Egerton assembles more than four dozen previously published pieces by writers such as Nikki Giovanni and Roy Blount Jr., offering the same serendipitous delights as time spent on a front porch of a summer evening enjoying good food and good talk.
This is the first volume in what is to be an annual series, and, divided into sections of People, Times, Things, Places, and Southern Foodways, it’s a beguiling mix of food lore, encounters with memorable characters, and, of course, the place itself, from swampy bayous to the rolling hills of Appalachia. The selections stem from Town and Country, Food & Wine, The Atlanta Journal-Constitution, and elsewhere, but they all reflect an abiding affection for things southern, especially the food—from boiled peanuts to Scuppernogs (a native muscadine grape) and, of course, barbecue. It is a subject that evokes passionate debate about, say, the virtues of a mustard-based versus a tomato-based sauce, or even bitter family feuds. In “A Confederacy of Sauces,” Jack Hitt relates how in South Carolina, a politically liberal brother has taken advantage of a boycott of his reactionary brother’s mustard-based barbecue sauce to put his own version in stores. The writers introduce characters like nonagenarian Moonshiner Coe Dupuis; Leah Chase, the cook at the famous New Orleans restaurant, Dooky Chase; and Dori Sanders, a peach farmer and writer. They visit farms where watermelons are grown, they stalk wild hogs, and they eat dinner in a Texas prison, where the incarcerated chef has a reputation as a great cook. There are tributes to southern food writers like Craig Claiborne and Eugene Walter, as well as memories of canning, family reunions, and Thanksgivings at which, alongside the turkey, there’s macaroni and cheese—“a vegetable in the South.” Others debate the merits of iced tea, which in this region is always sweetened; and explore the origin of vegetables like okra and sweet potatoes, as well as the influence of African-American traditions on white cooking, particularly in the way greens are cooked.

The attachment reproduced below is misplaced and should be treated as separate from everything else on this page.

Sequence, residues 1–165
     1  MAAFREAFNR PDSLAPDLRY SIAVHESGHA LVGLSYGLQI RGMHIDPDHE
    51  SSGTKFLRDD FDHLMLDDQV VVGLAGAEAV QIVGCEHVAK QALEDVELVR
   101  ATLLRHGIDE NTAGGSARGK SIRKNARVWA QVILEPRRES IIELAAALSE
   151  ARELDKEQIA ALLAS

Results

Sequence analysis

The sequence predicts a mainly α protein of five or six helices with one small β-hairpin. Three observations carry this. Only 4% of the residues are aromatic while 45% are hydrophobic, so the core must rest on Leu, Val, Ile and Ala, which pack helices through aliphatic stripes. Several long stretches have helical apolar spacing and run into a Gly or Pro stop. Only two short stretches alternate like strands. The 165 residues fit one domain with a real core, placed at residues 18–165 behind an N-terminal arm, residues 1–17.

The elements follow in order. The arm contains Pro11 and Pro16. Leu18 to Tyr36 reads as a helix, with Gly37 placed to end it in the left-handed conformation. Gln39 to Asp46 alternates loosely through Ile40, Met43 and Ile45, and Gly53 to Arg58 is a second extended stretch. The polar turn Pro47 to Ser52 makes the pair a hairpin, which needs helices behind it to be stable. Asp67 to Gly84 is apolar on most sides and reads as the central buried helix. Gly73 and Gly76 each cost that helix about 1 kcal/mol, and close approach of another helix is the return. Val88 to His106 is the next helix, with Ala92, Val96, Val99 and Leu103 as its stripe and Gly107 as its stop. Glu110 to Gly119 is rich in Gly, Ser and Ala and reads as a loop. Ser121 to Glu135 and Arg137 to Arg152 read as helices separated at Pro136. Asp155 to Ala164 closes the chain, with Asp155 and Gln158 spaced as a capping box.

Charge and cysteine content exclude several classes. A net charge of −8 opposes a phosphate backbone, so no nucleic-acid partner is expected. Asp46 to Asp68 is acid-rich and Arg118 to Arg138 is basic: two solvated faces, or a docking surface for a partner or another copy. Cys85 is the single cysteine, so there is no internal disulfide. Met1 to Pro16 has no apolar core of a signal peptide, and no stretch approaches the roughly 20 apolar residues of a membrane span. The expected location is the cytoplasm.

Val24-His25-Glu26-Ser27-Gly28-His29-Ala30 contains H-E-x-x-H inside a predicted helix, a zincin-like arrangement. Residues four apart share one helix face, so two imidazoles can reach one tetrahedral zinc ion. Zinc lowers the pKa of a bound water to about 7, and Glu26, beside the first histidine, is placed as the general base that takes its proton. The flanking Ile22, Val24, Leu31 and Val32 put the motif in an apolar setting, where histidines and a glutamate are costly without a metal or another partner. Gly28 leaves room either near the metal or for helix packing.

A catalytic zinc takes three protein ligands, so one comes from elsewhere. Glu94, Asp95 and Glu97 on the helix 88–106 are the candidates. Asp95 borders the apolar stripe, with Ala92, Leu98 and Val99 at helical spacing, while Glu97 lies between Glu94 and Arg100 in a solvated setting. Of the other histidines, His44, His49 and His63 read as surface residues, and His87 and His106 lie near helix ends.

A delicious feast, as well as a thoughtful celebration of regional culture.